High Cigarette Taxes Fail to Meet Expected Revenue Targets: Anyone Surprised? It seems that taxing something causes people to avoid the tax? Say it isn’t so!
According to Patrick Gleason, director of state affairs for the conservative Americans for Tax Reform, tobacco has not been the revenue boon states that have increased cigarette taxes had hoped.
“The lack of interest in raising tobacco taxes this year can be attributed to the fact that tobacco taxes have indisputably proven to be a dubious and declining source of revenue,” Gleason told TheDC. “From 2003-2007, 16 of 59 tobacco tax hikes fell short of revenue projections.”
Here in Washington D.C., for example, the city’s 2009 $0.50 tax hike resulted in a severe drop in expected revenue. In 2010, the District of Columbia’s chief financial officer Natwar Gandhi reported to the mayor that the projected government intake was over $15 million below what they had initially estimated.
Gleason pointed out that for revenue, cigarette taxes are proving to be a loser.
“New Jersey raised its cigarette tax by 17.5 cents in 2007, yielding $52 million less than Garden State lawmakers anticipated and $22 million less than was generated prior to that tax hike,” Gleason told TheDC. “Over the past decade it has become clear that tobacco taxes are an unreliable source of revenue and one in which no budget should depend on.”
Ok then, many states failed to make their projections, but some actually made less under the new rates? Who could have seen that coming?
It’s actually sad that this even has to be a story. It should be filed under, “duh!” Anytime you tax an activity, it either decreases, moves somewhere else, or moves underground. Let’s take a look at some other examples…
The source is found here.
Here’s a two-minute drill in soak-the-rich economics:
Maryland couldn’t balance its budget last year, so the state tried to close the shortfall by fleecing the wealthy. Politicians in Annapolis created a millionaire tax bracket, raising the top marginal income-tax rate to 6.25%. And because cities such as Baltimore and Bethesda also impose income taxes, the state-local tax rate can go as high as 9.45%. Governor Martin O’Malley, a dedicated class warrior, declared that these richest 0.3% of filers were “willing and able to pay their fair share.” The Baltimore Sun predicted the rich would “grin and bear it.”
One year later, nobody’s grinning. One-third of the millionaires have disappeared from Maryland tax rolls. In 2008 roughly 3,000 million-dollar income tax returns were filed by the end of April. This year there were 2,000, which the state comptroller’s office concedes is a “substantial decline.” On those missing returns, the government collects 6.25% of nothing. Instead of the state coffers gaining the extra $106 million the politicians predicted, millionaires paid $100 million less in taxes than they did last year — even at higher rates.
So, not only did they not meet their projected
other people’s money “revenue,” they actually lost money on the tax!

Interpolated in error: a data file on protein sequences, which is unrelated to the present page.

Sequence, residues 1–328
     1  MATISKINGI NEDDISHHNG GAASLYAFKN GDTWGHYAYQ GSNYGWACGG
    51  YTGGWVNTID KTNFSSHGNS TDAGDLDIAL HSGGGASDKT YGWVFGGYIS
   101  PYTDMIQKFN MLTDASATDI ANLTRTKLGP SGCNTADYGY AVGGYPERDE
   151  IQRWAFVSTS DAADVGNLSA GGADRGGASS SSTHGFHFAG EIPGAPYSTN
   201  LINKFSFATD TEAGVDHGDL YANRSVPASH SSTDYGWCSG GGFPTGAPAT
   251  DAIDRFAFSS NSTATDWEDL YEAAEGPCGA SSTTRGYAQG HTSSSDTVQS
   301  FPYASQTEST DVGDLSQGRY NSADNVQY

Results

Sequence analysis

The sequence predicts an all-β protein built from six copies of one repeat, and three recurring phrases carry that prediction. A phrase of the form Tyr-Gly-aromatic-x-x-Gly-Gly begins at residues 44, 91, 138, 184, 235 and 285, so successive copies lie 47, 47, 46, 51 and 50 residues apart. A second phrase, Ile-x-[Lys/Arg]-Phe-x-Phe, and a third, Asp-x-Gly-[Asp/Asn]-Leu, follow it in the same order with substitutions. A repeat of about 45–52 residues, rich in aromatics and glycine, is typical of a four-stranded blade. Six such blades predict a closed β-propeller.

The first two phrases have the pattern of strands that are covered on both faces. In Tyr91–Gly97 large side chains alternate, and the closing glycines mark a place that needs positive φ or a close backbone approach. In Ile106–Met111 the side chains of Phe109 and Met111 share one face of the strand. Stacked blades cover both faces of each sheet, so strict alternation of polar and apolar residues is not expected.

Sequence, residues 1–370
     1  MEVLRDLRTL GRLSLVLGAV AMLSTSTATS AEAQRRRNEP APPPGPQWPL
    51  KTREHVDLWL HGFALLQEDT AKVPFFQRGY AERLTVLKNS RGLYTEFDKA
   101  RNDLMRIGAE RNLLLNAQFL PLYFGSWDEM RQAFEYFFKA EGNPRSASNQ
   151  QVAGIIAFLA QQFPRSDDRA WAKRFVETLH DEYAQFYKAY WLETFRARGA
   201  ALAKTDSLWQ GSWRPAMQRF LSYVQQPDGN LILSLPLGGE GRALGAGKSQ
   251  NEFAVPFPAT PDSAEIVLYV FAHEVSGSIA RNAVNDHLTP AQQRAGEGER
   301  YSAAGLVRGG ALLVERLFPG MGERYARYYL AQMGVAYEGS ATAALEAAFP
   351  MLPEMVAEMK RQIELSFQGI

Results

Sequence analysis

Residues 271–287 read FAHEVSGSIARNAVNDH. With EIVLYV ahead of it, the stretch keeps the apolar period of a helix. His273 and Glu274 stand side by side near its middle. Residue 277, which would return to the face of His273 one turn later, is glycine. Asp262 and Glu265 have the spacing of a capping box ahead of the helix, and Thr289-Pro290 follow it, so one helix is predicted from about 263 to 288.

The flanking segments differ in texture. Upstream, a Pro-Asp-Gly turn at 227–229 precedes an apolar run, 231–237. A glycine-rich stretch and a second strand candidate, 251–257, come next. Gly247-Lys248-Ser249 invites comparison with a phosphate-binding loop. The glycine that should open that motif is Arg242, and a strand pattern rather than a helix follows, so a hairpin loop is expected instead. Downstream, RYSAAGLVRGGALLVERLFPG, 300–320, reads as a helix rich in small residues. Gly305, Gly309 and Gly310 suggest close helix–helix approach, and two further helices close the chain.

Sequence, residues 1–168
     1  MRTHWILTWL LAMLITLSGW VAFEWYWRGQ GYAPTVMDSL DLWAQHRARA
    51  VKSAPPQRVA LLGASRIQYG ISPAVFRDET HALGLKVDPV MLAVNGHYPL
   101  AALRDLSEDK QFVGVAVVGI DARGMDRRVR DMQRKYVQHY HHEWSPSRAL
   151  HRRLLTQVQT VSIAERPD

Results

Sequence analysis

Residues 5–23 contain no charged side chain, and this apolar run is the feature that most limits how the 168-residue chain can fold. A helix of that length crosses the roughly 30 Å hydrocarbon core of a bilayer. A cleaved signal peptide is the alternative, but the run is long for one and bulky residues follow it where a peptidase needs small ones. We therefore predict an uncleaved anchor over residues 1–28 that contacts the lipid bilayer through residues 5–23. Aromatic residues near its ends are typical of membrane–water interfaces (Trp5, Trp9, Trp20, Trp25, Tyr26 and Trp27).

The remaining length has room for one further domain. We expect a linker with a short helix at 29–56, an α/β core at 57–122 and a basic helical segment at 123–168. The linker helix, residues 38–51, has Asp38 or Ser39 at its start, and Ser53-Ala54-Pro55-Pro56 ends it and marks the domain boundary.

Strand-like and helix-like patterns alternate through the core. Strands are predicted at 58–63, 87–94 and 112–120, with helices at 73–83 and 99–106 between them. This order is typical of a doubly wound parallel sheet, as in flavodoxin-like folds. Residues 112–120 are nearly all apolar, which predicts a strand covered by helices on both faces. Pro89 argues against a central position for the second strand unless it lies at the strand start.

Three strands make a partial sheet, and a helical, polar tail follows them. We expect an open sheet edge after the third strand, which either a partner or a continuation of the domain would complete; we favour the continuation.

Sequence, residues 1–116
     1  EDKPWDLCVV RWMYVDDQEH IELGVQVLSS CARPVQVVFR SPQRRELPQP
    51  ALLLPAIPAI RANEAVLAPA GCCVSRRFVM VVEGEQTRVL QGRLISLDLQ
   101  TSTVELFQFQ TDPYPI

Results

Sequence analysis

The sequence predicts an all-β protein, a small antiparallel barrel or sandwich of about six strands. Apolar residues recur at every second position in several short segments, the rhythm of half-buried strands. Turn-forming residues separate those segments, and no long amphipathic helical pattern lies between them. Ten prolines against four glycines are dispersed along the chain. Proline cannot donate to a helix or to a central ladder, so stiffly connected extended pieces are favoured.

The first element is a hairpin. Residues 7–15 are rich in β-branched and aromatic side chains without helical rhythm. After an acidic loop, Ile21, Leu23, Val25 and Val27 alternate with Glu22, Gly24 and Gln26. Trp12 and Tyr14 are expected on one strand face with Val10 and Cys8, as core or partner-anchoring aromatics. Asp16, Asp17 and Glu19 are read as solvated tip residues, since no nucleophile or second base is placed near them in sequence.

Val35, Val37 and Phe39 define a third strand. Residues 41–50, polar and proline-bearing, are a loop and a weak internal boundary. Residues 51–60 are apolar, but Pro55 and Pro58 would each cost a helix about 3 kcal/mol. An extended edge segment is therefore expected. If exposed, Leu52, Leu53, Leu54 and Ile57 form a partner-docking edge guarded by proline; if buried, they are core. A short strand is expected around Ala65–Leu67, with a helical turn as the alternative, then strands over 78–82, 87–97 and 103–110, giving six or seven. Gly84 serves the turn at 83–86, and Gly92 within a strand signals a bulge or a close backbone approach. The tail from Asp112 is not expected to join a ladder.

And the evidence that we discovered in our new study for the American Legislative Exchange Council, “Rich States, Poor States,” published in March, shows that Americans are more sensitive to high taxes than ever before. The tax differential between low-tax and high-tax states is widening, meaning that a relocation from high-tax California or Ohio, to no-income tax Texas or Tennessee, is all the more financially profitable both in terms of lower tax bills and more job opportunities.
Lower taxes mean MORE JOBS??? What a COMPELTELY NEW AND ORIGINAL idea!
Updating some research from Richard Vedder of Ohio University, we found that from 1998 to 2007, more than 1,100 people every day including Sundays and holidays moved from the nine highest income-tax states such as California, New Jersey, New York and Ohio and relocated mostly to the nine tax-haven states with no income tax, including Florida, Nevada, New Hampshire and Texas. We also found that over these same years the no-income tax states created 89% more jobs and had 32% faster personal income growth than their high-tax counterparts.
You mean free markets and low taxes CREATE MORE JOBS? You mean PEOPLE EARN MORE? Who would have thought of that?
Did the greater prosperity in low-tax states happen by chance? Is it coincidence that the two highest tax-rate states in the nation, California and New York, have the biggest fiscal holes to repair? No. Dozens of academic studies — old and new — have found clear and irrefutable statistical evidence that high state and local taxes repel jobs and businesses.
If a regressive were reading this, they might say it isn’t true, in spite of all the evidence. They’d probably go into some class warfare argument against capitalism, and then propose legislation that would make all states suck equally, so people and jobs wouldn’t leave.
Of course, they could always follow the great statist tradition of building walls to keep people from escaping.
While I don’t support smoking-it’s a dirty habit that I kicked a few years back, taxing it usually causes people to avoid the tax.